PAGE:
Sam Stovall, chief investment strategist at CFRA Research, said he plans to keep an eye on the numbers in manufacturing. The sector lost 18,000 jobs last month, and further erosion could indicate that supply chain bottlenecks and shortages of raw materials or components could be holding back economic activity. “It’s not that people don’t want to work or don’t want to increase production. They don’t have the means with which to do so because of supply disruptions,” he said.
“If we continue to get lower numbers, I think that is consistent with stories around schools not being fully reopened and parents having difficulty with childcare arrangements… and issues around eldercare. These are still quite powerful reasons for people deciding not to come back into the labor force,” said William Rodgers, professor of public policy and chief economist at Rutgers University’s Heldrich Center for Workforce Development. “We’re not out of the woods yet,” he said.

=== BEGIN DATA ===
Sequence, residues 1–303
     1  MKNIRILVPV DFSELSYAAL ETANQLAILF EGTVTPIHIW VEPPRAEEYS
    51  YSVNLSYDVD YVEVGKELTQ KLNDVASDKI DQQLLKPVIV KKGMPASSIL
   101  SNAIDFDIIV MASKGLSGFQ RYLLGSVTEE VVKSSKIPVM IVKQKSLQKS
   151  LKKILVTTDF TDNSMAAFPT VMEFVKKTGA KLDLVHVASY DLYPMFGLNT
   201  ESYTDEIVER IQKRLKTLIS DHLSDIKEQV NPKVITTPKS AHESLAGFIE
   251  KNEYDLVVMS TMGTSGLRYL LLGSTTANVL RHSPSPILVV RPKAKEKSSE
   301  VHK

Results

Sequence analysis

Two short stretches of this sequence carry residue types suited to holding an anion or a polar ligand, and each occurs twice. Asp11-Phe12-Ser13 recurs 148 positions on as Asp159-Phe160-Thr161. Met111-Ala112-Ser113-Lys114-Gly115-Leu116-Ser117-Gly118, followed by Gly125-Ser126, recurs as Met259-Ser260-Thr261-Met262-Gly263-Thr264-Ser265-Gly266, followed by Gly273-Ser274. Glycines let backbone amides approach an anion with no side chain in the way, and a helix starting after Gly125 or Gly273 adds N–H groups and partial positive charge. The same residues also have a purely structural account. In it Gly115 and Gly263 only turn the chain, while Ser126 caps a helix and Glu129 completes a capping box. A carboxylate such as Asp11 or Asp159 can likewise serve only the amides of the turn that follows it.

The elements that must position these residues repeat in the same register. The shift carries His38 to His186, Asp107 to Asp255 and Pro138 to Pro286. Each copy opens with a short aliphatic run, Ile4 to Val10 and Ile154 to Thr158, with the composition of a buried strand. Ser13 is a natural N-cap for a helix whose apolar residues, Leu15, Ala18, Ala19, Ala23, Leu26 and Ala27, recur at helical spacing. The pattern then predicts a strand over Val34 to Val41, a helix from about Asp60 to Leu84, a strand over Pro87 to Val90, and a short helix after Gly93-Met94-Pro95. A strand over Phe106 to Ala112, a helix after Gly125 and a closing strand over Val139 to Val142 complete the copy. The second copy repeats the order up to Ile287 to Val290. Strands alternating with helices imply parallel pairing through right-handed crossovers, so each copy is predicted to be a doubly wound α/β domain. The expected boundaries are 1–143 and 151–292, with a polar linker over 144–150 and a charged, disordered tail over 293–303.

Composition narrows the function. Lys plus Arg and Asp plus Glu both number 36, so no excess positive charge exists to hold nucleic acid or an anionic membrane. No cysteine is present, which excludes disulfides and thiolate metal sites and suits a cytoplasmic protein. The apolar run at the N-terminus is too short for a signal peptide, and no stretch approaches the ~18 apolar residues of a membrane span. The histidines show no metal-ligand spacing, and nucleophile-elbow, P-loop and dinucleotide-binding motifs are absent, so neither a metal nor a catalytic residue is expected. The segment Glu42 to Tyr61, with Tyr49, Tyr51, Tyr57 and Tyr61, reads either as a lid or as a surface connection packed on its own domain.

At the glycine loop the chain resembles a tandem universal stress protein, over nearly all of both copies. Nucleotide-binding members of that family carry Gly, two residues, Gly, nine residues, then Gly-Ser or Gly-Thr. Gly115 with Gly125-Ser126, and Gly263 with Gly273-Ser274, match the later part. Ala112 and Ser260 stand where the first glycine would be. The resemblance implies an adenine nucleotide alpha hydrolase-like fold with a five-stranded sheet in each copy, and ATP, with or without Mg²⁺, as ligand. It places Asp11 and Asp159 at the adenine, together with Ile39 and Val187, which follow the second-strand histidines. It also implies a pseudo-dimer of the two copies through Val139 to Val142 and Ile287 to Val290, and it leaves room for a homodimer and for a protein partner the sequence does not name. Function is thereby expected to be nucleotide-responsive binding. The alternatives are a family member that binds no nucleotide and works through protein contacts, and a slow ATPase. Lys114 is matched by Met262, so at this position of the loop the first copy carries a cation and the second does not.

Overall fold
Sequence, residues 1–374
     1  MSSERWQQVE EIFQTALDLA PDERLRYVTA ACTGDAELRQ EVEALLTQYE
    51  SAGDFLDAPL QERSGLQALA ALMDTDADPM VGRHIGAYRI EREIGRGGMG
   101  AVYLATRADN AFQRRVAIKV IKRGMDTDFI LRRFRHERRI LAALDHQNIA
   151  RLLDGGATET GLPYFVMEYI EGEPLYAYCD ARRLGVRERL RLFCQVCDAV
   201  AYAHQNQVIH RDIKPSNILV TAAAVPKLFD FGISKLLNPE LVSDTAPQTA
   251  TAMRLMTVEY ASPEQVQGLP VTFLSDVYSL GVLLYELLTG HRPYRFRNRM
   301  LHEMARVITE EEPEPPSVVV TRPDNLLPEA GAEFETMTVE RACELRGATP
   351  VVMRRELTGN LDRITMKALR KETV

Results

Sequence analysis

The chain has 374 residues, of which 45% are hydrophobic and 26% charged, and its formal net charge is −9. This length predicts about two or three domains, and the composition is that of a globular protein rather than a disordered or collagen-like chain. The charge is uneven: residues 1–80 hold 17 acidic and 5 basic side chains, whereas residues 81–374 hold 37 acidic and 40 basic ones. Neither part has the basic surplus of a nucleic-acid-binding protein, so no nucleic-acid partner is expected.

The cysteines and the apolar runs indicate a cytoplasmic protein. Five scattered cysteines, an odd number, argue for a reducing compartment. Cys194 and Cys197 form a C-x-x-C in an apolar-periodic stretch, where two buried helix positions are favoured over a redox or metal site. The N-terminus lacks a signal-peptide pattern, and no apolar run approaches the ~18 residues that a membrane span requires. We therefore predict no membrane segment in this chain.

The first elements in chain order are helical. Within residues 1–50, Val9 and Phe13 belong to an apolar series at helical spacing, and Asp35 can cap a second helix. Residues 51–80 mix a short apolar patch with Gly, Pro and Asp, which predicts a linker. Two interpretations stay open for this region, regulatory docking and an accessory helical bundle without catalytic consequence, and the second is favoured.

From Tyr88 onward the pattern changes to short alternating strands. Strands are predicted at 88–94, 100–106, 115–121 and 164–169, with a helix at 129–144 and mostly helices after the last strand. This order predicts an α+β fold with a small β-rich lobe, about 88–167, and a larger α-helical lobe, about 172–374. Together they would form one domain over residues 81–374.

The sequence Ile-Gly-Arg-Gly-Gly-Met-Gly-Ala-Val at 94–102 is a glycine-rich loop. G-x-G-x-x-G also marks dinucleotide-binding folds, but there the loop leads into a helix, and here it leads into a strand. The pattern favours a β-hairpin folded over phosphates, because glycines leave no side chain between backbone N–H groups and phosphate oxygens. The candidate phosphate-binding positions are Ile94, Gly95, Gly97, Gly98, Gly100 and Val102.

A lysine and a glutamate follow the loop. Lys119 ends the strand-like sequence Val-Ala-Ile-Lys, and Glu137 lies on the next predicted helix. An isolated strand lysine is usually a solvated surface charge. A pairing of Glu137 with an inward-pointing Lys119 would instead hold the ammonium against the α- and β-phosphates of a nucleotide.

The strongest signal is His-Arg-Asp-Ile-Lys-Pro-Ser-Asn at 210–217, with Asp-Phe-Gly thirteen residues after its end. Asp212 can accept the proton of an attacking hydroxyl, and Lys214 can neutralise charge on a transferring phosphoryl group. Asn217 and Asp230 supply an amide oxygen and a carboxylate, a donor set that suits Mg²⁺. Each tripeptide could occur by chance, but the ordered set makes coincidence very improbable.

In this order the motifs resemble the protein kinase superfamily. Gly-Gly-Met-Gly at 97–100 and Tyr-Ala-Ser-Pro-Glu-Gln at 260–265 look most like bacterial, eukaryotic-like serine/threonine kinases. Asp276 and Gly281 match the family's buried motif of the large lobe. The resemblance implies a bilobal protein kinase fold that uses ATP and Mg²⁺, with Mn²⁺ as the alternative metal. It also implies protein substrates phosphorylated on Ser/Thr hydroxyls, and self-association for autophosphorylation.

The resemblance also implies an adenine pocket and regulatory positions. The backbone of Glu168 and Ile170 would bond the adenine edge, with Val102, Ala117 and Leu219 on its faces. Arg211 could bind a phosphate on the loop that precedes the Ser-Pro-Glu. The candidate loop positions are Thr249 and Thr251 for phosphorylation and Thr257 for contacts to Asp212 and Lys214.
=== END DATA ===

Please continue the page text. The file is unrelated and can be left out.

“If there's any sort of headwind, it’s that small businesses are having a hard time finding employees to fill the jobs,” Fiorille said.
A second monthly report of soft job gains would have potentially significant ramifications for the Biden administration, Stovall said. “If we do come in again weaker than expected, I think people are going to say, what’s going on here?” he said. A miss would almost certainly reignite the debate over the $300 weekly enhanced unemployment benefits. The federal program ends Sept. 6, but 25 governors are winding down the programs in their states sooner, with some ending as early as June 12.